Alicia De Leon Mendoza is a Del Norte County success story.

She was a Jaycees princess, homecoming queen, prom queen and Miss Del Norte. She earned an associate’s degree in behavioral and social science from College of the Redwoods, is on the California Endowment’s President Advisory Council and will graduate from Oregon State University in December with degrees marketing and finance.

De Leon Mendoza is also a Dreamer and could be deported in six months if Congress takes no action to preserve the Deferred Action for Childhood Arrivals program.

“It’s hard not knowing and not being able to plan,” she said. “I’ll graduate in December, but who’s to say that when I apply for a job and they figure out this is a DACA recipient, (they could say,) ‘We don’t want to deal with training her and then come November she can’t work and we have to lay her off.’”

Born in Jalisco, Mexico, De Leon Mendoza was 5 years old when she came with her parents to the U.S. She said her parents had arrived in the country on a tourist visa in 1999 and continued living in the U.S. after it had expired.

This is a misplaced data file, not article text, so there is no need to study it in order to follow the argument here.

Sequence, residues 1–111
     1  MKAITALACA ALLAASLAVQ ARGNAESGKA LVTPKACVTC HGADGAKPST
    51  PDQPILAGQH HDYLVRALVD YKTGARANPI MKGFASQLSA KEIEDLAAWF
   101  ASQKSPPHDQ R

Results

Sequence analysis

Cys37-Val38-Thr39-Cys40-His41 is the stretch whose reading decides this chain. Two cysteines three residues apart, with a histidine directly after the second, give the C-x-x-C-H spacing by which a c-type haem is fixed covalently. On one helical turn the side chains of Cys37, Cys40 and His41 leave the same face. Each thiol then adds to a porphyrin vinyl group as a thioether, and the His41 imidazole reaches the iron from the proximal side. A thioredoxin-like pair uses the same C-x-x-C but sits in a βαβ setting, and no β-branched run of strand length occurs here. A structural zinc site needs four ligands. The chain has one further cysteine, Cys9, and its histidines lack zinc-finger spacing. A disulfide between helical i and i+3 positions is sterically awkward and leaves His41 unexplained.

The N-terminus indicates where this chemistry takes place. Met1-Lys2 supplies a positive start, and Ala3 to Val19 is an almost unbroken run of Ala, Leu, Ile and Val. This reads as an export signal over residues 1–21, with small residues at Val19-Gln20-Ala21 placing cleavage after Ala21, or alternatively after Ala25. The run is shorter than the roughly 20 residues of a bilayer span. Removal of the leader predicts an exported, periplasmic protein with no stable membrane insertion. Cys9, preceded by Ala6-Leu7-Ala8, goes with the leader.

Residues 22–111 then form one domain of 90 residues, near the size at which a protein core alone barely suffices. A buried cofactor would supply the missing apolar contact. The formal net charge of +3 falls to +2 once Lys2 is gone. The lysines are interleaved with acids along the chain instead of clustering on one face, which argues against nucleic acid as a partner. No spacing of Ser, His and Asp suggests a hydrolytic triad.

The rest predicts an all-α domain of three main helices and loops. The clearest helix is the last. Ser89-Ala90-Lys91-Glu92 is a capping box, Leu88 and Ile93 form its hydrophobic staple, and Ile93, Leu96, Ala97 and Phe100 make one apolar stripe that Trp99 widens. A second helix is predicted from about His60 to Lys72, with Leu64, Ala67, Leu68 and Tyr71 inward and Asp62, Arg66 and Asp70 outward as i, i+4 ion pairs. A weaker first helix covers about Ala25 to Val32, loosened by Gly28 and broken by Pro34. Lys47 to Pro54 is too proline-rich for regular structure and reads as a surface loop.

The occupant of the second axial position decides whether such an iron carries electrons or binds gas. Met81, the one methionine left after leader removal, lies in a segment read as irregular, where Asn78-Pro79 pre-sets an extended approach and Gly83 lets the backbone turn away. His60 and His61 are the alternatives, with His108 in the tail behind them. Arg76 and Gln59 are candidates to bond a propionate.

After two years of living in Oakland, De Leon Mendoza said her parents decided Crescent City would be a better place to raise a family.

“My dad had lived here prior to going back to Mexico after my grandfather had a stroke,” De Leon Mendoza said. “He spent some years in Mexico and that’s where he met my mother. I was born, my sister was born and he just wanted to come back. This was the life he wanted to give us.”

De Leon Mendoza couldn’t speak English when her parents enrolled her at Joe Hamilton Elementary School as a second grader in 2001. By third grade she had graduated from the ESL program.

De Leon Mendoza graduated from Del Norte High School on June 15, 2012 — the day President Barack Obama signed the executive order putting the Deferred Action for Childhood Arrivals program in place, she said.

“Here I am a high school grad thinking about what I am going to do,” De Leon Mendoza said. “I can’t get federal financial aid. I can’t get loans. I can’t get the aid that a citizen or a resident gets from the government in order to pursue my higher education. I can’t work here legally. My life was up in the air... and then I hear the news.”

Deferred Action for Childhood Arrivals protects from deportation individuals who were brought into the U.S. when they were children. It also provides work permits. About 800,000 DACA recipients live in the U.S.